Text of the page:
November 19, 2012

These examples of domestication could be multiplied, but three points are clear. First, this campus socialism needlessly drives up tuition and encourages further reliance on government to foot the bill. I suspect that if all these “€œfree”€ nonacademic extras were removed, tuition costs would drop by a third and thereby reduce student debt. Without this debt, there would be less money owed to Uncle Sam. Moreover, sky-high tuition now makes it almost impossible to work one’s way through school. Try finding a part-time job that pays $20,000 or more a year. Far more tempting is to sink a bit further into government-supplied debt.

Second, these abundant university-supplied services multiply the opportunities to fill young minds with the latest PC nonsense. University divisions of housing are among the most PC entities on campus. College dormitories offer excellent opportunities to spread the PC gospel via dorm policies (what you can post on room walls), resident advisor-led meetings (the importance of sympathizing with your transvestite roommate), and handling “€œoffensive”€ behavior (calling a rowdy a “€œwater buffalo”€). Why else would today’s universities demonize fraternities? I suspect that Deans of Student Housing are terrified that if students were allowed to live without university supervision, they could actually choose their own housemates, tell racist jokes, get drunk, and put up Ron Paul posters without any fear of punishment.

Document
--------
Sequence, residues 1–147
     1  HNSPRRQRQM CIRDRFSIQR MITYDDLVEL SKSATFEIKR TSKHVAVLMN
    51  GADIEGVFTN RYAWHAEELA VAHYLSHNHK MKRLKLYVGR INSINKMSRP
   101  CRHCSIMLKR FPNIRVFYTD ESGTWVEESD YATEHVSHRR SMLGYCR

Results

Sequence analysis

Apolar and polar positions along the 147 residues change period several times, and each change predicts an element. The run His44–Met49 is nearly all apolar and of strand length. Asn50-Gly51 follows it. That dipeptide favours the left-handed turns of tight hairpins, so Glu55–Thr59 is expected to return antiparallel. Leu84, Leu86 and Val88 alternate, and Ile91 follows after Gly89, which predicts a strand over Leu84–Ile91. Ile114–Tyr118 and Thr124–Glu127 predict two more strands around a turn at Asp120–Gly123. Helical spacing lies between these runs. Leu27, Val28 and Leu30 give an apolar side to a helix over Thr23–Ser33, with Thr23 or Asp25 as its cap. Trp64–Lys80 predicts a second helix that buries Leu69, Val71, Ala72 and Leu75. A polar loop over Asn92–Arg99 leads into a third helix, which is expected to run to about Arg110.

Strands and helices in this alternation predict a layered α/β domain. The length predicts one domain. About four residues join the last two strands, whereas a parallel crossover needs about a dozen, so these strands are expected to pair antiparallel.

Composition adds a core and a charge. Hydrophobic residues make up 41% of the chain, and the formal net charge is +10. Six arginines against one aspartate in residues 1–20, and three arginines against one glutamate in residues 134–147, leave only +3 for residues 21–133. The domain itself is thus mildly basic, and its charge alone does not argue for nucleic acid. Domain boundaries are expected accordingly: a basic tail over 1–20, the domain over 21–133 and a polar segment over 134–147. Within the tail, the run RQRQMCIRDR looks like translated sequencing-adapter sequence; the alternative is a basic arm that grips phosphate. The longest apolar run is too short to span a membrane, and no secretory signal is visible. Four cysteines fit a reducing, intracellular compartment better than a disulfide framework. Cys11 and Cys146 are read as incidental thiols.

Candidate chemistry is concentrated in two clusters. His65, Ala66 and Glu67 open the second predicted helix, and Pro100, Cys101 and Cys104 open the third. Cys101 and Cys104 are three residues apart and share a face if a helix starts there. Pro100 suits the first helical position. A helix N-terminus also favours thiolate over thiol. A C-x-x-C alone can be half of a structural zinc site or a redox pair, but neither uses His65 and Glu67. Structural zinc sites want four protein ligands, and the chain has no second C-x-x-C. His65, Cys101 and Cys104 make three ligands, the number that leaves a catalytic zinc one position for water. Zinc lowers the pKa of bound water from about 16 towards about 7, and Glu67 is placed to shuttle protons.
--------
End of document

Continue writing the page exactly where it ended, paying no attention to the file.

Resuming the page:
But of all the dependency-generating mechanisms, the most important is inhibiting youngsters”€™ ability to make real-world decisions like adults. Imagine if today’s university sold off all of its nonacademic functions. Goodbye dorms, health centers, divisions of recreation, free computer services, the campus bookstore, tutoring and writing centers, free concerts, free lecture series, and all else. Even sell the library to Google. This would be a bare-bones medieval-style university, one consisting solely of professors, classrooms, science labs, and whatever else was necessary for imparting knowledge. 

Would campus life collapse? Would eighteen-year-olds starve absent a dining service? Hardly, and these youngsters would benefit immensely. Nearly all college students have mastered craigslist and other online venues to find whatever they need. Let youngsters learn to make important choices and then suffer the consequences. Let them visit Walmart’s convenient care for their runny nose rather than the university’s facilities and thereby learn about choosing a healthcare provider. Let them shop the housing market and survive all the charlatans and crooks. This is what “€œgrowing up”€ means. 

Like aggressive dogs that are kept from breeding, students who demonstrate excessive independence are culled out from university life as troublemakers. Imagine the fate of students who openly contested today’s campus orthodoxy by mocking diversity or pointing out that Africa devolved after colonialism ended. Like any good breeder with an eye on potential customers, university administrators would keep this troublemaker student from reaching the market. This is what speech codes and all the rest of the PC apparatus are about”€”imposing docility by expelling troublemakers. After a point, the word would get out that if you want to be adopted by a nice family, then don”€™t bite strangers.

I can imagine the school president giving the following graduation speech:

Here, ladies and gentlemen, is the class of 2015. All have had their shots, been wormed, and are paper-trained and ready to go. Each, I assure you, will make a wonderful addition to our fine society.



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